1. Take me as I am.
A lot of people put way too much effort in the beginning of a relationship and not nearly enough effort later in it. Typically after a year or so of dating, you have an idea where the relationship is going. And typically, if you feel secure that this is something serious and it will end up in marriage and/or some serious commitment, you stop trying. When you first start dating, you care about your body, how you look, how you dress, how you speak, etc. You try not to disclose too much about yourself, just enough to keep the curiosity/interest alive. You try not to chew while talking, not burp, fart or even acknowledge that you engage in such gross activities. You lie about interests, habits and that porn collection in your computer. You lie about previous relationships and your responsibility in their failure. You want to make a good impression so you talk politics or philosophy or claim to be a MUCH better cook than you really are. Then with time you stop because it’s too hard to keep this up. You just want and need to be yourself. And one thing is for sure my friends, your true self WILL eventually shine through. And when that happens you say “if you can’t take me for who I am than this isn’t going to work.” The problem with this is the fact that your bad habits are NOT who you really are. As David Schnarch puts it, marriage is not an excuse to get fat, lazy or stop being an interesting person. Just because someone has committed to being with you, does not mean that you now have to stop trying to grow and mature. Having said that, I think a relationship is only conducive to growth if there is some basic acceptance, respect and unconditional love for who someone really is. A person can only grow and mature in a safe relationship. Change is only possible through relationships. If you have the balls to do the hard work.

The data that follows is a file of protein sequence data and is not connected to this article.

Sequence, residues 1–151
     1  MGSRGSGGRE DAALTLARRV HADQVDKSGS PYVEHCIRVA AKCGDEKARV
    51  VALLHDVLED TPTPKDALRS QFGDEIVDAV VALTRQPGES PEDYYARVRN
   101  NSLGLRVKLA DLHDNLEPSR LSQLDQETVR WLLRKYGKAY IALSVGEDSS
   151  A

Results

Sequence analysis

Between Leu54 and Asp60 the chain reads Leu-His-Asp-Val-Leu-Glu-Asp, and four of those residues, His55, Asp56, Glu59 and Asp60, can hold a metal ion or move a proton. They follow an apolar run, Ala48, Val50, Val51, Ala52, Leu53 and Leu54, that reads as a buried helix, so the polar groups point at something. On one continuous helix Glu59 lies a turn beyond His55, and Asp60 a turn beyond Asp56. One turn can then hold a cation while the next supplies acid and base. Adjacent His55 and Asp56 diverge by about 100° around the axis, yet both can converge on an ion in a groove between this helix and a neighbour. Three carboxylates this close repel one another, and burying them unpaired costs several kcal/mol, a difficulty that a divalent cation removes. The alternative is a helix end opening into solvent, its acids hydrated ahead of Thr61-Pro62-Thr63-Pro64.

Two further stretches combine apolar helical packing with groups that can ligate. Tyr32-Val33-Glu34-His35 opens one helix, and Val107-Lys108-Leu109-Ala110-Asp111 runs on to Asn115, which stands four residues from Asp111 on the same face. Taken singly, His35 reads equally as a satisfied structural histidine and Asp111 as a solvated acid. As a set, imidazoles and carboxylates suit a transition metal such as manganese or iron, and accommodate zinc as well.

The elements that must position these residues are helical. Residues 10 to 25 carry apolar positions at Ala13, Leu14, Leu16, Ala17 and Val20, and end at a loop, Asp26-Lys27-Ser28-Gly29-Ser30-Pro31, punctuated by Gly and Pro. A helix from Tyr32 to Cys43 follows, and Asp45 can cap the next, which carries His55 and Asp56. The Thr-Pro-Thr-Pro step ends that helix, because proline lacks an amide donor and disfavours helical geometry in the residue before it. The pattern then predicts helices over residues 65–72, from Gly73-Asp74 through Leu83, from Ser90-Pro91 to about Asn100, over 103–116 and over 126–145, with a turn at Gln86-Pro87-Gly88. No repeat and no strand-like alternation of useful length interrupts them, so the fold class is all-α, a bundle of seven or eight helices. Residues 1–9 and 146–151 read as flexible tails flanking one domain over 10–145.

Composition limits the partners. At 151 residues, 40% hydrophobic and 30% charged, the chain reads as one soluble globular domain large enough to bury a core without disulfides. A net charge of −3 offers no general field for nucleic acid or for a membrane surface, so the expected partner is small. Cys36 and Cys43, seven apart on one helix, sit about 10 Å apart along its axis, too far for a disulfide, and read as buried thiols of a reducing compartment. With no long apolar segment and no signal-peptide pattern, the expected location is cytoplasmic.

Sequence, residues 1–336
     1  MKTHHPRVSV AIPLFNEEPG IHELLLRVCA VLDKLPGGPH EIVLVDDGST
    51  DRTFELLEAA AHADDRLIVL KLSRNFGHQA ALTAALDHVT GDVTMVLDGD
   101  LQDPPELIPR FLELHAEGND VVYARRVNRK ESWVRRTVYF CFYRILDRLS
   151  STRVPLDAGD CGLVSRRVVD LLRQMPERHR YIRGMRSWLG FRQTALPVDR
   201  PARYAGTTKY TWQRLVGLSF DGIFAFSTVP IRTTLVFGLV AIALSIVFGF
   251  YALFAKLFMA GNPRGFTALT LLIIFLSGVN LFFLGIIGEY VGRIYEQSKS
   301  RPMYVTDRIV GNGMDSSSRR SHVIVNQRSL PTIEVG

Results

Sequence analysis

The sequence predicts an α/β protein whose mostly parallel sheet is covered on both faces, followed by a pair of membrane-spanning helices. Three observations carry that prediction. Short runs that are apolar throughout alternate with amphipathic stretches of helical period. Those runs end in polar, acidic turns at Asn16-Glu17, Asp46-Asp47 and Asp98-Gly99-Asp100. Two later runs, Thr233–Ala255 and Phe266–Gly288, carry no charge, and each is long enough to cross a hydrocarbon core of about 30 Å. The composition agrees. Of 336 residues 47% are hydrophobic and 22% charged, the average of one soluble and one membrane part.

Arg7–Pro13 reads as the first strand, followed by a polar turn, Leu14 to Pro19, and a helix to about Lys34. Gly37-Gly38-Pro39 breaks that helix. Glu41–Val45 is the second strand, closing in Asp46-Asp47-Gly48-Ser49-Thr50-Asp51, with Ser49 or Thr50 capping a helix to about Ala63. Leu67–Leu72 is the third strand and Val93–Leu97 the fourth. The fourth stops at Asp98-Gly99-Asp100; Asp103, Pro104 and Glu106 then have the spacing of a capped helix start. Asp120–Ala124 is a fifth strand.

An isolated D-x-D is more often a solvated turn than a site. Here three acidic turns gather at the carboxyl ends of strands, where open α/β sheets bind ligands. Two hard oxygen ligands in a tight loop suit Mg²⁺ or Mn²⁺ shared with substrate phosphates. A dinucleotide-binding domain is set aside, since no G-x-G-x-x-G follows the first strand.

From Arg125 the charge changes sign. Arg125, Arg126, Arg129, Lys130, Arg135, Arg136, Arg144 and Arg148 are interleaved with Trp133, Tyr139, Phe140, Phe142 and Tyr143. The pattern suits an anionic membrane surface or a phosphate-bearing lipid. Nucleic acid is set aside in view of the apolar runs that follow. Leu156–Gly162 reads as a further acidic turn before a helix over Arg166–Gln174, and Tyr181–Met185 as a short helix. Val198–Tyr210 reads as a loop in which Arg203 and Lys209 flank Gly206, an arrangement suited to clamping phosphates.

2. Relationships are about performance.
Men worry and obsess about how their penis is performing. Little do they know, women obsess about how their vaginas look and perform too. We have strong beliefs and expectations about performance in almost every area of the relationship. Think about the mental checklist you run through to evaluate how your relationship is going. How many of those items are one way or another linked to you or your partner doing something well or poorly? Listen up folks, your relationship is not meant to be a test.
Is he good with giving gifts? Check
Is she a good housekeeper? Check
Is he/she good in bed? Check
Can she cook? Check
Is he good at telling I have had a bad day and need a massage? Check
Is he/she a good listener? Check
Is he a good provider? Double check
Now before you start saying that you don’t really do this because all you care about is that you are loved, cared for and understood, go back and check the list you use to evaluate those things. Love and understanding have nothing to do with performance. They exist even when someone is “bad” at showing you because “bad” is relative to YOUR performance standards. Performance gets effected by stress, mood, general life satisfaction, motivation, skills and anxiety. And the more you stress about yours or your partner’s the less you/they will perform. Don’t get me wrong, I’m not saying you shouldn’t ask for what you need or get what you need. I’m not saying you shouldn’t have expectations. But generally speaking, it’s not what your relationship can do for you but what YOU can do for the relationship. As Hedy Schleifer puts it, your relationship does not exist in you or in your partner, it exists in the space between you two. She calls it a sacred space. Stop polluting the space between you and the love of your life with your judgment and selfishness.
3. Relationships should make you happy.
Yes. But before they do that they should make you miserable. Which they are guaranteed to do. So might as well accept it and change your attitude about it. Even the happiest couples have at one point or another wondered if they married the wrong person for them. George Clooney’s character in The Descendents said to his dying wife by her hospital bed “Goodbye, Elizabeth. Goodbye, my love, my friend, my pain, my joy. Goodbye. Goodbye. Goodbye”.
Relationships are about joy AND pain. Conflict is a good thing. If you are getting along just fine that means someone is not saying something. Conflict and pain is a golden opportunity for growth. Maybe the only real one you’ll have as an adult. You can say “I don’t like this, I have married the wrong person, I need to leave them and move on.” Or you can say “This is causing me pain but it’s growing pains. How can I grow?” Of course, the latter is harder and we don’t like hard things. It’s easier to leave then to face yourself. It’s easier to blame someone else than to take responsibility for yourself and your own personal growth.
I never said people like what I say. In fact I’m quite unpopular.